Long story short gamification works and should be adopted by IoT Air Quality Monitor and their Air Quality apps in order to achieve a behavior change.
What is gamification?
Gamification is adding game mechanics into non-game environments, like a website, a fitness app, or air quality apps to increase participation. The goal of gamification is to engage with users to inspire, collaborate, share, and interact.
Let’s take as an example Apple’s fitness app, those who wear an Apple Watch they know what I am talking about. Each month the application engages users by offering them a digital award, as a result, last month I had to burn actively 19.300 calories in order to win a shine yellow badge. On special days the app encourages you to complete a specific workout to win a special award like for the World Environment Day or Earth’s Day.
Duolingo offers a similar gamification function but for language learning. Each time you answer correctly you get points and you can use those points to buy perks inside the app. (Yes, I am tries to learn Chinese!)
Among all the gamification apps that I used (and I have used a lot of them because I am a tech-savvy guy) by far, Apple has nailed it with their Fitness app. Simple because it helps you to build goals and accomplish them. Another key element is the fact that they don’ try to extract money from you as other apps do through gamification.
At the beginning of the article, I’ve mentioned that a gamification mechanism in an app can help us change behavior, this is because of various psychological mechanisms and hormone production.
- It can give us a sense of control as we take the decision to get the award.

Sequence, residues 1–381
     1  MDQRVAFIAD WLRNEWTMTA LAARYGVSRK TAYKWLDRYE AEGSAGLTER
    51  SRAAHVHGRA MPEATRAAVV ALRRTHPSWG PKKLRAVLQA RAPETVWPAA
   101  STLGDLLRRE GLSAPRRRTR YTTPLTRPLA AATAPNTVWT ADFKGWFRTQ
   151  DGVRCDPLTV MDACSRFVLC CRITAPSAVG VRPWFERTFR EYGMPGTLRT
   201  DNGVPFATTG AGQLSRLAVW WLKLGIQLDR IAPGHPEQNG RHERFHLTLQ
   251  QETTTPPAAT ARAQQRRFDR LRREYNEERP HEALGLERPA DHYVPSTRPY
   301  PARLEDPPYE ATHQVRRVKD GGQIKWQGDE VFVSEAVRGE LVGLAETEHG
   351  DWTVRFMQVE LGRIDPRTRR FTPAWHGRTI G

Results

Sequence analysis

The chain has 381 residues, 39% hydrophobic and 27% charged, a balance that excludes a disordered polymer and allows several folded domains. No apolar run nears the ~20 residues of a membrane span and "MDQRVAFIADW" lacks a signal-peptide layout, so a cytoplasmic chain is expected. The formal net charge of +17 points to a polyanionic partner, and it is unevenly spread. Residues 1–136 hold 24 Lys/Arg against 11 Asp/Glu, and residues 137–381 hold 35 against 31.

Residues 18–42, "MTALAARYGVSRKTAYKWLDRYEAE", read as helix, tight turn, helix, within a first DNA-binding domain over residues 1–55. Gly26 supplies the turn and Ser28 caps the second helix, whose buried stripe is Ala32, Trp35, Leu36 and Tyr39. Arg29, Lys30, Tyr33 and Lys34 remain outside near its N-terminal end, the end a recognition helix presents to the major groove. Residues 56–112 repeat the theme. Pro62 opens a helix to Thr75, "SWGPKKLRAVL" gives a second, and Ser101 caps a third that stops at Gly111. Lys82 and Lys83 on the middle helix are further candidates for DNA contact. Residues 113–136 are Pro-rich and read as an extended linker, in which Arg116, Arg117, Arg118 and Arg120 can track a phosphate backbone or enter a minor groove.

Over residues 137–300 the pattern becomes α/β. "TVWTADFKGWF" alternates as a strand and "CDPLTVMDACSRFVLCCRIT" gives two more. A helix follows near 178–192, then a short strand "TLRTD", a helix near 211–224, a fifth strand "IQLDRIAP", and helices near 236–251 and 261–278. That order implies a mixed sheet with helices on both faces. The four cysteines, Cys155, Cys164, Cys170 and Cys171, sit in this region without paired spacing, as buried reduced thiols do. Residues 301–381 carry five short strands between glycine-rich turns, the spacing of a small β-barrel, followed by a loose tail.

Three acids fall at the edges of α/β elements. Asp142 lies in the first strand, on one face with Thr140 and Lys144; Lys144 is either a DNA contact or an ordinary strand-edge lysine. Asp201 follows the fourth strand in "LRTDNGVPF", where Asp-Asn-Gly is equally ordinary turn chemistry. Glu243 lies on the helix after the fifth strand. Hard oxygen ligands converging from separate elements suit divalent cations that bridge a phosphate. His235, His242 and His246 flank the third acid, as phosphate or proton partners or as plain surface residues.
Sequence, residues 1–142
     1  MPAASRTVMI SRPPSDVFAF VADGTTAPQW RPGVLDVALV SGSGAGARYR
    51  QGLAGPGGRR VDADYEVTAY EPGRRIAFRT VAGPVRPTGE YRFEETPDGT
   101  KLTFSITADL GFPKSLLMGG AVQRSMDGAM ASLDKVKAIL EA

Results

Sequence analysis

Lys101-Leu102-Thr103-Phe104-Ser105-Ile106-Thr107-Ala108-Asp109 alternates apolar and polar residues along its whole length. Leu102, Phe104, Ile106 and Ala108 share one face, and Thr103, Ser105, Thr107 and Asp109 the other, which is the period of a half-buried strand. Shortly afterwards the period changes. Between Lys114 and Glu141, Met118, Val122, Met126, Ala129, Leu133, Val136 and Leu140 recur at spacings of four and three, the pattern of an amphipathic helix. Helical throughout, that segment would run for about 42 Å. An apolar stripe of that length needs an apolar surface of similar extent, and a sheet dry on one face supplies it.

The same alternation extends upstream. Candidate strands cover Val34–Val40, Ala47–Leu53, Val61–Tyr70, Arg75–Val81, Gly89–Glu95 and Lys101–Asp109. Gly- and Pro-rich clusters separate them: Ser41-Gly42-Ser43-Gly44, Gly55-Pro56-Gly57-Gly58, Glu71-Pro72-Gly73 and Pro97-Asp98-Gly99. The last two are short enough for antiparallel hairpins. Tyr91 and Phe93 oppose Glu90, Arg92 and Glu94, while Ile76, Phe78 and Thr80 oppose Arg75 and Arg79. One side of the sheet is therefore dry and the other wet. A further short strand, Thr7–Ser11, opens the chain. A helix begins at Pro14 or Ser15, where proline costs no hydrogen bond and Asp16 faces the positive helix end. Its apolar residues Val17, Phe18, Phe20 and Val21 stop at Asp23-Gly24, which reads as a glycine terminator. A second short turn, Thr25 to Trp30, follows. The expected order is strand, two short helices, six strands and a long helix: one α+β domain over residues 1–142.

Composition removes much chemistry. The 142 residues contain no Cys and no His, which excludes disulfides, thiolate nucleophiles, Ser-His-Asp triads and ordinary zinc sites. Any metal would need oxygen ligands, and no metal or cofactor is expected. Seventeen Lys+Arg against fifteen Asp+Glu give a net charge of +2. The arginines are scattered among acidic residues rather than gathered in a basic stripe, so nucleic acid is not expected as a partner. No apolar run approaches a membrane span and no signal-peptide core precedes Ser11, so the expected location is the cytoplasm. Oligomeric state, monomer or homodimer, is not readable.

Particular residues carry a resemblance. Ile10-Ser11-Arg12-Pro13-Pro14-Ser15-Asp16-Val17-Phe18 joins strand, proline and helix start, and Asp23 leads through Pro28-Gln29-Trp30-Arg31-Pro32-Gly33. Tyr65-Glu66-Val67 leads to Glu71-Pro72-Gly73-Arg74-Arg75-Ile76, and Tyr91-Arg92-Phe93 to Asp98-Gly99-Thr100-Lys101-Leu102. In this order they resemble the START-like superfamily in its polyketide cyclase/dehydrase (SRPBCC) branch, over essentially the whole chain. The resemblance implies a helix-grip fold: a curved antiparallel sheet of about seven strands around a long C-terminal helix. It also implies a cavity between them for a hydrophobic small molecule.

- It reinforces good behavior and only good behavior because the app environment is designed specifically for that purpose.
- It gives us a sense of achievement each time we earn an award, as a result, we feel accomplished.
- Many times it makes us compete with ourselves and improve over time.
- Many times it helps us compete with others which can make us even better.
- We love rewards because they give us dopamine, a hormone responsible for keeping us exciting and wanting to come back.
Business Case for the Air Quality apps
Above I have designed a mockup app from an air quality monitor, which will motivate the users to keep air quality indoors as good as possible in order to achieve a star at the end of the day/week/month, but most importantly they will stay healthy.
The logic is simple, every day, users will have to get a certain amount of points (for example, 50 points) in order to get a star for that day. Hourly mean values of the AQI will give an amount of points, for example, 50 points for AQI 100, 45 points for AQI 90, 40 points for AQI 80, 35 points for AQI 70, and so on…
If we go back to the Today’s view/Activity (phone in the middle), we can see that the app informs users about air quality incidents, that way, the user can adjust the indoor environment in order to achieve as many points as possible. At the end, of the day, the app can notify the users about how many points they need to complete a successful AQ day (image below).
There is an option to compete with other users too, and the winner gets more stars and extra motivation to keep the air clean (phone on the right).
Companies that sell air quality monitors and air purifiers (or AQMs that support HomeKit/IFTTT/Google Home services) could benefit more as the air quality monitor can communicate directly with the air purifier and can keep the air clean all day long, and customers can see the results in the Award section.
I strongly believe that the investment in such service (freemium) can bring a lot of customers to a company’s ecosystem, keeping users motivated and happy about the purchase they have made, and recommending it to others to compete.